The community wood recycling enterprises we help found and support are set up as not-for-profit businesses – often given the label of being social enterprises.
A Social Enterprise has been defined by the UK government as:
“a business or service with primarily social objectives whose surpluses are principally reinvested for that purpose in the community, rather than being driven by the need to maximise profit for shareholders and owners.”
Community wood recyclers have both environmental and social objectives; we want to do our bit to create a more sustainable society by helping to reduce waste and save resources. We also work for a bit of social justice by helping people; we create work for those having difficulties finding employment – so they can build their confidence and self-esteem and build useful transferable work skills.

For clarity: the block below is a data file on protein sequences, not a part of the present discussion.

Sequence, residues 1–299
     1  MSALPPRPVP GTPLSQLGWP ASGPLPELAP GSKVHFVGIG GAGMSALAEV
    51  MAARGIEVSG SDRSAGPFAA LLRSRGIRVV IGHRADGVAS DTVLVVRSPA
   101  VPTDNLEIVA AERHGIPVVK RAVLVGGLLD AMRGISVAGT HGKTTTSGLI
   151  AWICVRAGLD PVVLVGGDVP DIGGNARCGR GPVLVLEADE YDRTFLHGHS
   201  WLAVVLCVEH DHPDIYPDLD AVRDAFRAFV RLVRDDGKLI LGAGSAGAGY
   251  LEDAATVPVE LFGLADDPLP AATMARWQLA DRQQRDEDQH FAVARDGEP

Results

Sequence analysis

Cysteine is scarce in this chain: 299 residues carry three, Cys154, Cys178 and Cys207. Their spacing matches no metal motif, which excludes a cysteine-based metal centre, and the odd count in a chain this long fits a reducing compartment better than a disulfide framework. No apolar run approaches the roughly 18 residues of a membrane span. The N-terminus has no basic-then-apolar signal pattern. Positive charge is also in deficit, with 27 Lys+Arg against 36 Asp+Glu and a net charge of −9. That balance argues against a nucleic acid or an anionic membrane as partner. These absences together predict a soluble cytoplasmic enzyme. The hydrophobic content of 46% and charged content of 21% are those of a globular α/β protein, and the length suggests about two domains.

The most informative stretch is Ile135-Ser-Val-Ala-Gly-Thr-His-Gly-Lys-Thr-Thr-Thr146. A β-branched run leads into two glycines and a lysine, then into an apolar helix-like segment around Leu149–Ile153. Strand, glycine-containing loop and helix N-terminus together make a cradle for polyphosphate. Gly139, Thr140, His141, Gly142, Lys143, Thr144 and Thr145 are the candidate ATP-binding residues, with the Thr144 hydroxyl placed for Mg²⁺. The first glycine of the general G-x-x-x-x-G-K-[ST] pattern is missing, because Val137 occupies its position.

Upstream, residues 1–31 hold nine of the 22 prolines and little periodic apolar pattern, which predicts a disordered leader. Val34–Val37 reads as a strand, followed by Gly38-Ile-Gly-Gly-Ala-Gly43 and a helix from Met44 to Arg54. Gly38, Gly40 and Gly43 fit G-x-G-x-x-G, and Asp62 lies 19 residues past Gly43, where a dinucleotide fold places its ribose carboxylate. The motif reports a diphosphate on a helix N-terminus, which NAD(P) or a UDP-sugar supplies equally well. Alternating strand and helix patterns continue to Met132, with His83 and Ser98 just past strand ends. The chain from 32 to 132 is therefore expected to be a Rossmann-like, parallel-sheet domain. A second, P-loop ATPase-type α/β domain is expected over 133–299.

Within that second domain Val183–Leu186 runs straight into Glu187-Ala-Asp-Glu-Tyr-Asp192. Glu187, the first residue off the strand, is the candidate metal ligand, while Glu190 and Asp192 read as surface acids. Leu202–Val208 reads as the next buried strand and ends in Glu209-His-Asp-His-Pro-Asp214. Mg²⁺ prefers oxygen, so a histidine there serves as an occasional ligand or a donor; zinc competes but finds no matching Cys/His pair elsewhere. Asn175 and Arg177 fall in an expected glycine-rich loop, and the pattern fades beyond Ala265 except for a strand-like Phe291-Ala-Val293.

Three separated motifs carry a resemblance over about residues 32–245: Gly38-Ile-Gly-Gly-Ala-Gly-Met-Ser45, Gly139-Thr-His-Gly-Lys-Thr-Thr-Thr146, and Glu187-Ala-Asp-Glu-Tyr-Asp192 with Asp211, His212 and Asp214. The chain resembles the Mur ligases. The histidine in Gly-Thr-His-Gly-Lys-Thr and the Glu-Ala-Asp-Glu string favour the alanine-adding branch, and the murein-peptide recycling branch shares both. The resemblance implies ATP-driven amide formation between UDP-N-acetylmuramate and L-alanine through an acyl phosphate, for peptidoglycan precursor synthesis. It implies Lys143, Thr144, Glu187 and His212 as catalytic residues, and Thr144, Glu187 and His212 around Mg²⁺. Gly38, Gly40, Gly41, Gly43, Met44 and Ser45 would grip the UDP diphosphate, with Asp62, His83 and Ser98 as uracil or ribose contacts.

Of course, we operate like businesses (because we like the idea of having our future in our own hands rather than being decided by the stroke of a funder’s pen), so we do still need to think about the “bottom line” too, and that’s the beauty of social enterprise; it’s focussed on delivering outcomes that are beneficial to society, whilst recognising that the best way of achieving those outcomes is by being financially self-reliant.
Many social enterprises (including most of the CWR network) are legally classed as companies limited by guarantee, which means that unlike most ‘normal’ businesses (which are limited by shares) there are no shareholders. However, the UK government has introduced a new class, Community Interest Company (‘CIC’), regulated by a separate body, The Office of the Regulator of Community Interest Companies, specifically aimed at social enterprises and giving them a legal status tailored to the niche. Several of the newer CWR enterprises are CICs.
An interesting article by Jonathan Bland, former Chief Executive of SEC on what makes entrepreneurs want to start a Social Enterprise can be found here.